While everybody is hiding under the table and the morons in power try to save something that is neither worth saving nor rescueable, some people think about the future. One of them is Douglas Rushkoff. Recently, I participated in an online course given by Mr. Rushkoff that was based on his forthcoming book “Life Incorporated“. The book describes how our present system of economics came to be and why it can’t work. Things like the imperative for economic growth, the nature of our currency (yes, there is more than one) and others are explained in a way that the non-economist finally gets how he has been been fucked by big business every day for the last 500 years.
Below you can find an excerpt of a recent article in Arthur magazine by Mr. Rushkoff that gives a comprehensive overview. If you feel like participating in the new world that comes after the present one has burned, preorder the book. Sound a bit funny, I know. But I have about had it with big business and I want a change. Not as in revolution, that usually doesn’t work, but one through participation in an ongoing project to save us from ourselves. It is unlikely to finish something like this in one generation, so we better get going.
They invented the corporate charter. By granting an exclusive charter, a king could give one of his friends in the merchant class monopoly control over a region or sector. In exchange, he’d get shares in the company. So the businessperson no longer had to worry about competition—his position at the top of the business hierarchy was locked in place, by law. And the monarch never had to worry about losing his authority; businesses with crown-guaranteed charters tend to support the crown.
But this changed the shape of business fundamentally. Instead of thriving on innovation and progress, corporate monopolies simply sought to extract wealth from the regions they controlled. They didn’t need to compete, anymore, so they just sucked resources from places and people. Meanwhile, people living and working in the real world lost the ability to generate value by or for themselves.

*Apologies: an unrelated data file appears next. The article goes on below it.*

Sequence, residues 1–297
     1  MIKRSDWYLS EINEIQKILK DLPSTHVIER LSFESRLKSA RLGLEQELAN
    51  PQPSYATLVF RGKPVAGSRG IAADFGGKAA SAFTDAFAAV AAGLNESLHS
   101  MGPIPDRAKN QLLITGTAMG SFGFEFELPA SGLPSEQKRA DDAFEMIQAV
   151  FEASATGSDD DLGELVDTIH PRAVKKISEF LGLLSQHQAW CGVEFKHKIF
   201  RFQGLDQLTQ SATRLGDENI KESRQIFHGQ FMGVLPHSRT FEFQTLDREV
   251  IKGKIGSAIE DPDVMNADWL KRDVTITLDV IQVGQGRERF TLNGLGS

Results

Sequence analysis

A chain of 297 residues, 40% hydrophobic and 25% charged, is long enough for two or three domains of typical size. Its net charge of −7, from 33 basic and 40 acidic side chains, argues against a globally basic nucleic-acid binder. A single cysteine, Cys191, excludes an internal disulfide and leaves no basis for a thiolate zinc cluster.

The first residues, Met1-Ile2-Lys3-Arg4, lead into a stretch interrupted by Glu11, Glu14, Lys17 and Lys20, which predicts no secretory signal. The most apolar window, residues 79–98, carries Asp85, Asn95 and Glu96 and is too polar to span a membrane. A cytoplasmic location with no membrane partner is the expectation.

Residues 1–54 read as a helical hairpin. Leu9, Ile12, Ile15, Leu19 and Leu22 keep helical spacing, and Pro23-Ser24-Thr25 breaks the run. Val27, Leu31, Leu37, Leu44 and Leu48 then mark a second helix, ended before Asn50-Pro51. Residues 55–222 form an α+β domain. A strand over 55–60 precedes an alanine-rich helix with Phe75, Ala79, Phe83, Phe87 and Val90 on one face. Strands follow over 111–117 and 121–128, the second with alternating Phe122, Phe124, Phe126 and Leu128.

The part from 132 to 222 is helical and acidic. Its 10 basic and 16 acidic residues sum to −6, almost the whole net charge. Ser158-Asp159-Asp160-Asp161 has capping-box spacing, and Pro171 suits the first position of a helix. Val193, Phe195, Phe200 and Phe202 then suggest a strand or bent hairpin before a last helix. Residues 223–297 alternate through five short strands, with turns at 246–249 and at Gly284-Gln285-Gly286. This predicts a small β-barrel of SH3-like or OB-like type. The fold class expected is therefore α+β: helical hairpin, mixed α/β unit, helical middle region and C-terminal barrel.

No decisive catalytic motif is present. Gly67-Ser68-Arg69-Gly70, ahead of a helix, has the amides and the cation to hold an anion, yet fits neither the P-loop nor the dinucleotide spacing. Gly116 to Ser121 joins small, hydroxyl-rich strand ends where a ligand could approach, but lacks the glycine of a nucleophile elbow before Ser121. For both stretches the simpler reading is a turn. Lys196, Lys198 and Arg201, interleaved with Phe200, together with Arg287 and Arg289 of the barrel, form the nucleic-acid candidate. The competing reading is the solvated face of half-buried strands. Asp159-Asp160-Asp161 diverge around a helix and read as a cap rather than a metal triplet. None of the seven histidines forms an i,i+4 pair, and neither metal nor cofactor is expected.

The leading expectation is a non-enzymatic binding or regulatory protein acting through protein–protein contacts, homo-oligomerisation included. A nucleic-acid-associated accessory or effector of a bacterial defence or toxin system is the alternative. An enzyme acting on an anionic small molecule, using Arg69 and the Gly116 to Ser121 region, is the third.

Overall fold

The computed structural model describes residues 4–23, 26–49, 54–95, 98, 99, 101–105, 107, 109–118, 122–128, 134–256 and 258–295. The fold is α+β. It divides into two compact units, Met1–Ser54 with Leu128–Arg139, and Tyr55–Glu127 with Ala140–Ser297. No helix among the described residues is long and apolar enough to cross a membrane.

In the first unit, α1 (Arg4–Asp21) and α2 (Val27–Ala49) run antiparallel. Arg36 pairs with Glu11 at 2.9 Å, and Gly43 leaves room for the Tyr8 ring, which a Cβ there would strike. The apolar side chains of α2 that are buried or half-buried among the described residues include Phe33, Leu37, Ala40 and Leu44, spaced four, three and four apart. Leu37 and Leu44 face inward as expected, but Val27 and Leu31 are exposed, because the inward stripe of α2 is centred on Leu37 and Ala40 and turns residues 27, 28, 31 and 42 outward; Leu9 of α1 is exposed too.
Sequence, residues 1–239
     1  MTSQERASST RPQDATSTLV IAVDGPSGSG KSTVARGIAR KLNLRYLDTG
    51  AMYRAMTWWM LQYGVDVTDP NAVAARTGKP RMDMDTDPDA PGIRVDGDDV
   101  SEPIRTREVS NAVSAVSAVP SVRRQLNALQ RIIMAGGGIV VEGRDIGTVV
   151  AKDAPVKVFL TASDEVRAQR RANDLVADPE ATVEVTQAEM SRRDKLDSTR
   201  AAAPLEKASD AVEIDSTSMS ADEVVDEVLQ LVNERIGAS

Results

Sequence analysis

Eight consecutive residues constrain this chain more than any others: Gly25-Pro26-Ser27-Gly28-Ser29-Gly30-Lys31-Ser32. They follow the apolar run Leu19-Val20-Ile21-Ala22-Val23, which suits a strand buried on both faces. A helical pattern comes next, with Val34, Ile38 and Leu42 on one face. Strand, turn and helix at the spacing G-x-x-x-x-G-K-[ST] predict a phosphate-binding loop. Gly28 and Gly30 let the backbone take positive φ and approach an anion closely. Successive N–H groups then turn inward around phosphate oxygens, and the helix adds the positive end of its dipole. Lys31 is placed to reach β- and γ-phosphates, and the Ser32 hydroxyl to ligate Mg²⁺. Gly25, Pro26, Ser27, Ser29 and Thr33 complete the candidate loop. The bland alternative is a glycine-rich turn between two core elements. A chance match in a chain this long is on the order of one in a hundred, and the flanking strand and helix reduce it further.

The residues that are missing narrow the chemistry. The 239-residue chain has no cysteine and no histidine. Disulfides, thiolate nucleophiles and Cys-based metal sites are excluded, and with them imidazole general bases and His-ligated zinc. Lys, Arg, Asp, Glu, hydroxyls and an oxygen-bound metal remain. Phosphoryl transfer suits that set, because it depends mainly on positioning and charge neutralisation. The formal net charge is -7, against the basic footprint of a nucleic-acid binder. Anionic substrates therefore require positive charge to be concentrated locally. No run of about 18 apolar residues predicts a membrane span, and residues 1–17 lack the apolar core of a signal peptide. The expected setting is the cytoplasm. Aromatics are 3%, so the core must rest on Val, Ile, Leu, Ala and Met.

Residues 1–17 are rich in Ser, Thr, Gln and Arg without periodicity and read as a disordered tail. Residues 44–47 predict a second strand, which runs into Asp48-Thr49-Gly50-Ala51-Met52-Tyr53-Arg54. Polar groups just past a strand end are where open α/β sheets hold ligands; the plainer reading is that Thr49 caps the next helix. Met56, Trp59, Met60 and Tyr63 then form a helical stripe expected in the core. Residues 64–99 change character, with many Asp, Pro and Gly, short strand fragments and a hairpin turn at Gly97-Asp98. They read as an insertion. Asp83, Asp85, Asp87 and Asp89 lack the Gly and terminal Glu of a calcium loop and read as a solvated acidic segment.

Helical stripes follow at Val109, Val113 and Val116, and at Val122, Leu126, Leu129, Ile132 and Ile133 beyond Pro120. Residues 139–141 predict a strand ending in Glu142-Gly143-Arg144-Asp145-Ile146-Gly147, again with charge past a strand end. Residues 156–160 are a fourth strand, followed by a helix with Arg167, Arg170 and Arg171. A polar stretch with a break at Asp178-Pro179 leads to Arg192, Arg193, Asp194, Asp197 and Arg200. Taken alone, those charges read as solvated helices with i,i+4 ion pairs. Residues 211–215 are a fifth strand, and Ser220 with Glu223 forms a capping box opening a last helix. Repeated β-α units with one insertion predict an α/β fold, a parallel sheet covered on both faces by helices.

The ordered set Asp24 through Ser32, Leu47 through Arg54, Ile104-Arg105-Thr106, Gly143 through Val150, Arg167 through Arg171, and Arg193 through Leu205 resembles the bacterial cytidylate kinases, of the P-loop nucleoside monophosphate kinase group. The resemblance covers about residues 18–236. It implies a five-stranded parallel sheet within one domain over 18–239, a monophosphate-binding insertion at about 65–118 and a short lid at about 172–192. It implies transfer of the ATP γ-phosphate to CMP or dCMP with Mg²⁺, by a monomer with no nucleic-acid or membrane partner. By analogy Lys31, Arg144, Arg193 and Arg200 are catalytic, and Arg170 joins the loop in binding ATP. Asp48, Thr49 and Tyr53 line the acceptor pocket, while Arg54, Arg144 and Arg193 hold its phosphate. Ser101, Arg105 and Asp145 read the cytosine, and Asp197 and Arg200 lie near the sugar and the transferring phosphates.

For example: In the 1700s, American colonists were allowed to grow corn but they weren’t allowed to do anything with it–except sell it at fixed prices to the British East India Trading Company, the corporation sanctioned by England to do business in the colonies. Colonists weren’t allowed to sell their cotton to each other or, worse, make clothes out of it. They were mandated, by law, to ship it back to England where clothes were fabricated by another chartered monopoly, then shipped back to America where they could be purchased. The American war for independence was less a revolt against England than a revolt against her chartered corporations.
The other big innovation of the early corporate era was monopoly currency. There used to be lots of different kinds of money. Local currencies, which helped regions reinvest in their own activities, and centralized currencies, for long distance transactions. Local currencies were earned into existence. A farmer would grow a bunch of grain, bring it to the grain store, and get receipts for how much grain he had deposited. The receipts could be used as money—even by people who didn’t need grain at that particular moment. Everyone knew what it was worth.
The interesting thing about local, grain-based currencies was that they lost value over time. The people at the grain store had to be paid, and a certain amount of grain was lost to rain or rodents. So every year, the money would be worth less. This encouraged people to spend it rather than save it. And they did. Late Middle Ages workers were paid more for less work time than at any point in history. Women were taller in England in that era than they are today—an indication of their relative health. People did preventative maintenance on their equipment, and invested in innovation. There was so much extra money looking for productive investment, that people built cathedrals. The great cathedrals of Europe were not paid for with money from the Vatican; they were local investments, made by small towns looking for ways to share their prosperity with future generations by creating tourist attractions.